News / Asia

Panel: Fukushima Nuclear Disaster 'Man-Made'

Kiyoshi Kurokawa, left, chairman of the Fukushima Nuclear Accident Independent Investigation Commission, speaks to lawmakers before handing over its final report to Lower House Chairman Takahiro Yokomichi, July 5, 2012.
Kiyoshi Kurokawa, left, chairman of the Fukushima Nuclear Accident Independent Investigation Commission, speaks to lawmakers before handing over its final report to Lower House Chairman Takahiro Yokomichi, July 5, 2012.
VOA NewsSteve Herman
TOKYO — A parliamentary report in Japan concludes the meltdowns last year at the Fukushima nuclear power plant were clearly a man-made disaster, and that the facility was vulnerable to earthquakes.

The six-month parliamentary investigation casts blame on both the Japanese government and Tokyo Electric Power Company for the Fukushima reactor meltdowns.

The report says collusion between the power company and nuclear regulators led to a lack of safety measures that could have mitigated the disaster - the world's worst nuclear accident since the Chernobyl meltdown in Ukraine in the former Soviet Union in 1986.

The Japanese disaster began March 11 last year when a magnitude nine earthquake and resulting tsunami struck the country's northeastern coast.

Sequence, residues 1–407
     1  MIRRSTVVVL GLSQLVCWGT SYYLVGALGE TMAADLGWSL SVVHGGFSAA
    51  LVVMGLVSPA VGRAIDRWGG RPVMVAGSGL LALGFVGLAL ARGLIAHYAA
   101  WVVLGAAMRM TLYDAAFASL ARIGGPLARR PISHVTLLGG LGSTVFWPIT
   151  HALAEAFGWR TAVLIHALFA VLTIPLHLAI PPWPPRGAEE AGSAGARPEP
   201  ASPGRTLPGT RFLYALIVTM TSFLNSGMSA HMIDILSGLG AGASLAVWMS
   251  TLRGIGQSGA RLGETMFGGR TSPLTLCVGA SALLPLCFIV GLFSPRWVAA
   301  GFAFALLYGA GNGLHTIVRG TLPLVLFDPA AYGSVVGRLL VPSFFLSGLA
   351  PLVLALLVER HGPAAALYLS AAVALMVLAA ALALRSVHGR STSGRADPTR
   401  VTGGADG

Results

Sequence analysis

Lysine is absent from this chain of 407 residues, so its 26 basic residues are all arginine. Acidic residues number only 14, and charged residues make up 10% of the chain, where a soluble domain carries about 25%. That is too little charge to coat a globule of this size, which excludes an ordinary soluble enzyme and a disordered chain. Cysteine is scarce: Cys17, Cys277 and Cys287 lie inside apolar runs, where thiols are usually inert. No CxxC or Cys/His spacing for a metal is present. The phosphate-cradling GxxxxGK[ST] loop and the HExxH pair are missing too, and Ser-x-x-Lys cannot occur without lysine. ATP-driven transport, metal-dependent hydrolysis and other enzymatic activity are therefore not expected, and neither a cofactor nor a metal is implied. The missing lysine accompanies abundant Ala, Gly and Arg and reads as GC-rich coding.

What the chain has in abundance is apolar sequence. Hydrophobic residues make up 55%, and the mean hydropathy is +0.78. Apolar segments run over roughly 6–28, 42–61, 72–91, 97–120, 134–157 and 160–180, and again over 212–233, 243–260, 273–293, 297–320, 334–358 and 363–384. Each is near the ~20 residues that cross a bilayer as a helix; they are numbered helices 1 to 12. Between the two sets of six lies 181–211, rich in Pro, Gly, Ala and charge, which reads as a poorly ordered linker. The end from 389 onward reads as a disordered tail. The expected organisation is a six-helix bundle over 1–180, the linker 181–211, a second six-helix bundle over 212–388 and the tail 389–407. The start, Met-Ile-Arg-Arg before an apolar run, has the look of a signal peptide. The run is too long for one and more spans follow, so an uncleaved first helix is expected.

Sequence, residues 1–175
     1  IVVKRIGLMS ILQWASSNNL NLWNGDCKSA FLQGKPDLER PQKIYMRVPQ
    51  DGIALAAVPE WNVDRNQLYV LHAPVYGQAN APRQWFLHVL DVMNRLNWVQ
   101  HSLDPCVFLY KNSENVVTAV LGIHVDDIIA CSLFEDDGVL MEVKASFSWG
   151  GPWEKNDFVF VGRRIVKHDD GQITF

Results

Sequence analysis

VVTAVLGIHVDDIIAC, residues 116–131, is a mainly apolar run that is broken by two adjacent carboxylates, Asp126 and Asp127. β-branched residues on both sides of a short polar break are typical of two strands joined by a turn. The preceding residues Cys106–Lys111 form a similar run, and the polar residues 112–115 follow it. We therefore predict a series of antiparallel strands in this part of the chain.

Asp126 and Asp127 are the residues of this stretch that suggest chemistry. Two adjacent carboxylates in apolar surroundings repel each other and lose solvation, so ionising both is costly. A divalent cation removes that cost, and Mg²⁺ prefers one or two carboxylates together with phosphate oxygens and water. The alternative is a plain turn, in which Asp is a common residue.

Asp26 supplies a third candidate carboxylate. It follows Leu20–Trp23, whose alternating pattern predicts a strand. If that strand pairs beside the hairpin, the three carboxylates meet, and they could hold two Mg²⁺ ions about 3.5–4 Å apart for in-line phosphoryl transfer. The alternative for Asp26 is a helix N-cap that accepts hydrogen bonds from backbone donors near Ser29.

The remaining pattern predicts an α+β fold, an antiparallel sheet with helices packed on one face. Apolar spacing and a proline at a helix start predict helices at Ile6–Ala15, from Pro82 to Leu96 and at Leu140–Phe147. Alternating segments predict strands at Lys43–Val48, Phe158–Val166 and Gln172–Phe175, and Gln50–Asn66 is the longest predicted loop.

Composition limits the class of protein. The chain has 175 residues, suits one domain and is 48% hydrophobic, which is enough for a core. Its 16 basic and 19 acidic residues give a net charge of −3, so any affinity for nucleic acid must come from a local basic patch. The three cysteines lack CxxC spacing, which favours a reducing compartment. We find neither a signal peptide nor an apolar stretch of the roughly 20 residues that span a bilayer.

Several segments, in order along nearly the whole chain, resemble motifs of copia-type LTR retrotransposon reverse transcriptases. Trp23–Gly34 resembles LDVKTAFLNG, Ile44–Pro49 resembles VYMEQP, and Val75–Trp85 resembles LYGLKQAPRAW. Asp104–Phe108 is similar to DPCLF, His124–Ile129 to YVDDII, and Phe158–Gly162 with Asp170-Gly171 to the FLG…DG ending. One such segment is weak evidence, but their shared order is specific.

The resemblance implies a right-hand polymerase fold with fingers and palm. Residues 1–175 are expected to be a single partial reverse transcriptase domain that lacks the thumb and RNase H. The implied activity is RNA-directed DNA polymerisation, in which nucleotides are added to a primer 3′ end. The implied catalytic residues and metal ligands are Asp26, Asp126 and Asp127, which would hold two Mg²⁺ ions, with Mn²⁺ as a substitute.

The report indicates the earthquake may have damaged critical equipment in the plant, contradicting the utility's assertion that it was the 20-meter-high tsunami - an event the power company never anticipated - which crippled the facility.

The chairman of the investigation commission, Kiyoshi Kurokawa, professor emeritus at Tokyo University, released the 600-page report in Tokyo Thursday.

He says his committee managed to compile the report within six short months but it is thorough and verifiable.

Kurokawa's comments included in the report were more pointed than his remarks to reporters. He wrote the nuclear accident's “fundamental causes are to be found in the ingrained conventions of Japanese culture: our reflexive obedience; our reluctance to question authority; our devotion to ‘sticking with the program’; our 'groupism'; and our insularity.”

The report singles out for some of the blame then-Prime Minister Naoto Kan for interfering at a critical time and causing confusion in the chain of command at the crippled nuclear plant.

The report makes seven proposals, including tougher scrutiny of power companies, and details requirements for a new nuclear regulatory organization.


Smoke rising from Unit 3 of the tsunami-stricken Fukushima Dai-ichi nuclear power plant, Okumamachi, Japan, March 21, 2011.Smoke rising from Unit 3 of the tsunami-stricken Fukushima Dai-ichi nuclear power plant, Okumamachi, Japan, March 21, 2011.